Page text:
Drypoint is a method of printing where basically you scratch a design into a smooth surface (the printing plate), cover the plate with oil-based ink and wipe it off so ink remains only in the scratched groves, then you apply pressure to squeeze out the ink onto a sheet of paper. Usually a printing press is used because it gives even, strong pressure, but you can try it with a rolling pin from the kitchen or heavy printing roller. Using paper that is slightly
damp can facilitate the printing, but too damp and the ink will spread.
The concept of using a piece of (cheap) cardboard for drypoint etching rather than a (expensive) copper plate caught my attention over on the Acuarela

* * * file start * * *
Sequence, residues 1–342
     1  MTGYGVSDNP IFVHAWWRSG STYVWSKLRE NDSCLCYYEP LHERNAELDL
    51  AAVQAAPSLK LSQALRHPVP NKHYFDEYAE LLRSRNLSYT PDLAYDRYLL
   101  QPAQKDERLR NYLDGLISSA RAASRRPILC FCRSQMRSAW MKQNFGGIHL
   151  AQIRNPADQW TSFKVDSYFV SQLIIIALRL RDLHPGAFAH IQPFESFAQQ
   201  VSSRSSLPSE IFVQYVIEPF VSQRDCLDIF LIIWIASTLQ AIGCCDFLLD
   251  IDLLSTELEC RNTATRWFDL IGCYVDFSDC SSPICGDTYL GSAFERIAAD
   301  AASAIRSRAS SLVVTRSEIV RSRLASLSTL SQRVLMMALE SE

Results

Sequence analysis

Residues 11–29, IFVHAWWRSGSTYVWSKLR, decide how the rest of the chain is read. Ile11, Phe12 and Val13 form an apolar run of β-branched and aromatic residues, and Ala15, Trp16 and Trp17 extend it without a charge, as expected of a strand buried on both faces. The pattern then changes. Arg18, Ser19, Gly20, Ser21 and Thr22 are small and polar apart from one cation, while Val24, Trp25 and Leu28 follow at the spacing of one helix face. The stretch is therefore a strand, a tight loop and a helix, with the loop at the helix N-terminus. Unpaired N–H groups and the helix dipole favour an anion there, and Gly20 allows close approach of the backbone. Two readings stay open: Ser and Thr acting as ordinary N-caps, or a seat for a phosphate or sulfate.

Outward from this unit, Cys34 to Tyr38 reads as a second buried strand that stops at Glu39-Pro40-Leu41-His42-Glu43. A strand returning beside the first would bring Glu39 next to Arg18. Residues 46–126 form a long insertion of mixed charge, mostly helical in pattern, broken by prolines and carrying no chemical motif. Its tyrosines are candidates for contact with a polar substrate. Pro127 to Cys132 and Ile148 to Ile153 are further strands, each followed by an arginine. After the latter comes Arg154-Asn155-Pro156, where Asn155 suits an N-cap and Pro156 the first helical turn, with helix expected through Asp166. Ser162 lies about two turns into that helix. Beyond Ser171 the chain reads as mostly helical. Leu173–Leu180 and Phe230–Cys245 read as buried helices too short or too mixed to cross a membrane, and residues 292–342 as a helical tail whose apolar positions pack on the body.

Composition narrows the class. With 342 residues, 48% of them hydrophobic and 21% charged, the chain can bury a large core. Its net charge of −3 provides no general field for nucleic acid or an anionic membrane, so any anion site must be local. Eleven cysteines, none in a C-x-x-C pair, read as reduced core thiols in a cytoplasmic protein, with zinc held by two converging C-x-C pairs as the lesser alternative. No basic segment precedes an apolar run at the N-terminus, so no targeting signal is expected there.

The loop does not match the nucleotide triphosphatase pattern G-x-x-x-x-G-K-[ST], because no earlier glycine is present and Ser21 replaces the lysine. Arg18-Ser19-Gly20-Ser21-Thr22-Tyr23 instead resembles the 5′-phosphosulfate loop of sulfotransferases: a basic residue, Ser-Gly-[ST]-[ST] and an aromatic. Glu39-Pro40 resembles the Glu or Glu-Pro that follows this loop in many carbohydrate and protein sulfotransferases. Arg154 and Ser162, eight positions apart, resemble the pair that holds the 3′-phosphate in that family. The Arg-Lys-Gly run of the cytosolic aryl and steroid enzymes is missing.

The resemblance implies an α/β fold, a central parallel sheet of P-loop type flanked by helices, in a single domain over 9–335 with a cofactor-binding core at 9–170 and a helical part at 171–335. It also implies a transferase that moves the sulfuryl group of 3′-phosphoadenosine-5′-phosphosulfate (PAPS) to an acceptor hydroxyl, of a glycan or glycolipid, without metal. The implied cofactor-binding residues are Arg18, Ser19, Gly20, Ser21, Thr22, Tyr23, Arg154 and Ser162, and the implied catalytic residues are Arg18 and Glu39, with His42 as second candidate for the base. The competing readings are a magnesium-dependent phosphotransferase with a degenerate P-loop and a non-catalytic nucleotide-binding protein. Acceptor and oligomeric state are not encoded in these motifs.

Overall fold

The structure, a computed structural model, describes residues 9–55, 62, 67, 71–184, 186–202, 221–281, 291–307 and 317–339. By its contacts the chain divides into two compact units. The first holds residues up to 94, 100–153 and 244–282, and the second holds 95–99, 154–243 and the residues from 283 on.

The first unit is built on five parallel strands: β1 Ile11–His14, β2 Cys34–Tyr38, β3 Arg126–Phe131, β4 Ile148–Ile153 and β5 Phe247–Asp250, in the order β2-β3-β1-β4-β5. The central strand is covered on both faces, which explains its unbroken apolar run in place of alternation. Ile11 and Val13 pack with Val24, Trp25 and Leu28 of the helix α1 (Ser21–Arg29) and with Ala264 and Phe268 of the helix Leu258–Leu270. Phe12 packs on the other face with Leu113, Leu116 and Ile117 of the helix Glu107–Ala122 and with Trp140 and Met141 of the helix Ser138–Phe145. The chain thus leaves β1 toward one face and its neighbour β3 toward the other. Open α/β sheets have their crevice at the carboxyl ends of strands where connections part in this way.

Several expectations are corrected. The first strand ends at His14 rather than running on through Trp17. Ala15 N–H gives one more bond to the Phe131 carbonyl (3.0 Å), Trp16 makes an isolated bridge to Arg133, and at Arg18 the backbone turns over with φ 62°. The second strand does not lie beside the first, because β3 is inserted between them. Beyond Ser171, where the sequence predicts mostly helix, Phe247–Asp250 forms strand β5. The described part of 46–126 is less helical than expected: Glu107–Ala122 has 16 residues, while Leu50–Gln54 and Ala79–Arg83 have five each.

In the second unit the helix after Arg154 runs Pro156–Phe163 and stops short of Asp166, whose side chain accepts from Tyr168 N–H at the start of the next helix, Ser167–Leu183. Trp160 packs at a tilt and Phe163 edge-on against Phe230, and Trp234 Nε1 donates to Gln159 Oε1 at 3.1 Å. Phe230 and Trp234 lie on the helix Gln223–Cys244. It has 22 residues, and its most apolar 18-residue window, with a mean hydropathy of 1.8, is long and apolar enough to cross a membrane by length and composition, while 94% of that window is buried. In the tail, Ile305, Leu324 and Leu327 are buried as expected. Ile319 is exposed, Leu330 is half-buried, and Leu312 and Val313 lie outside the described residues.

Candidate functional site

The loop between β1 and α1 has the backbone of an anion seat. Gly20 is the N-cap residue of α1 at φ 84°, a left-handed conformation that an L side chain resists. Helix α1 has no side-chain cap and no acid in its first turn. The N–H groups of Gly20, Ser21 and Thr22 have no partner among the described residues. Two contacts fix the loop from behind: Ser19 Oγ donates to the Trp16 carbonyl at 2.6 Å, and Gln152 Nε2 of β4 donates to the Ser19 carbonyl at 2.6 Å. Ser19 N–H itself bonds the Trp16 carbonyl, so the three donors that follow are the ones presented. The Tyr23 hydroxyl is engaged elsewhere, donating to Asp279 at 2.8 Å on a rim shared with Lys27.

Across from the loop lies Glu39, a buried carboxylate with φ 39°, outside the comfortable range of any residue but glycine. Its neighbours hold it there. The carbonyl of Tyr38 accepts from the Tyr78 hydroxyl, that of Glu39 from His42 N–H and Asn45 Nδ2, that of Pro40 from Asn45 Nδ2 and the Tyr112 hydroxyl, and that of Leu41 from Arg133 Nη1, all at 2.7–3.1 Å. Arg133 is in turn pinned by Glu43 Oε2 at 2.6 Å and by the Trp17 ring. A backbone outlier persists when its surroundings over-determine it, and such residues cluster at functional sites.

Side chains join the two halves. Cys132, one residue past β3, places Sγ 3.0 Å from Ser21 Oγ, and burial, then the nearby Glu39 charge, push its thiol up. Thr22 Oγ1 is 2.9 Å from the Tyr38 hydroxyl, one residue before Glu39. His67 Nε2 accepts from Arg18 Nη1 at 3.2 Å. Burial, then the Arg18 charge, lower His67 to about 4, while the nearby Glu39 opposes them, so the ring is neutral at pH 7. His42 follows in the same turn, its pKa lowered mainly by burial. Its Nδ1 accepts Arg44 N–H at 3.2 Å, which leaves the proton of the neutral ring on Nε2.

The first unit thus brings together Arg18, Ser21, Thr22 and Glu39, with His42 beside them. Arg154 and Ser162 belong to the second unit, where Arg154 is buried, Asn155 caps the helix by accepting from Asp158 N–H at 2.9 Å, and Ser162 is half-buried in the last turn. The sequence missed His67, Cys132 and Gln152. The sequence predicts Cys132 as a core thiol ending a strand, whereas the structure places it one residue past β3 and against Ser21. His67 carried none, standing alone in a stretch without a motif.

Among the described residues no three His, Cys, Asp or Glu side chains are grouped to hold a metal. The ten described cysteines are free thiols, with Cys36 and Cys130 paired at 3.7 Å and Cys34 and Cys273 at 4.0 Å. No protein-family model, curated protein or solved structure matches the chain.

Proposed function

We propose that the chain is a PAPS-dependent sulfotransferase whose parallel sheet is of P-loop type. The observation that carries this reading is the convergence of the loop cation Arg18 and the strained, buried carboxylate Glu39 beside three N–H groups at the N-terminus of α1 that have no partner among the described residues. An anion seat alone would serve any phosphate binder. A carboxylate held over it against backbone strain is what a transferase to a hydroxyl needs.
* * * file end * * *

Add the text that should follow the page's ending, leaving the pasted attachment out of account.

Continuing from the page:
blog. The quality of the example print shown (see large version
) certainly makes it seem like a technique to try. The disadvantage is, obviously, that the cardboard won't stand up to as many prints, so you'll definitely be producing limited editing prints! Read more...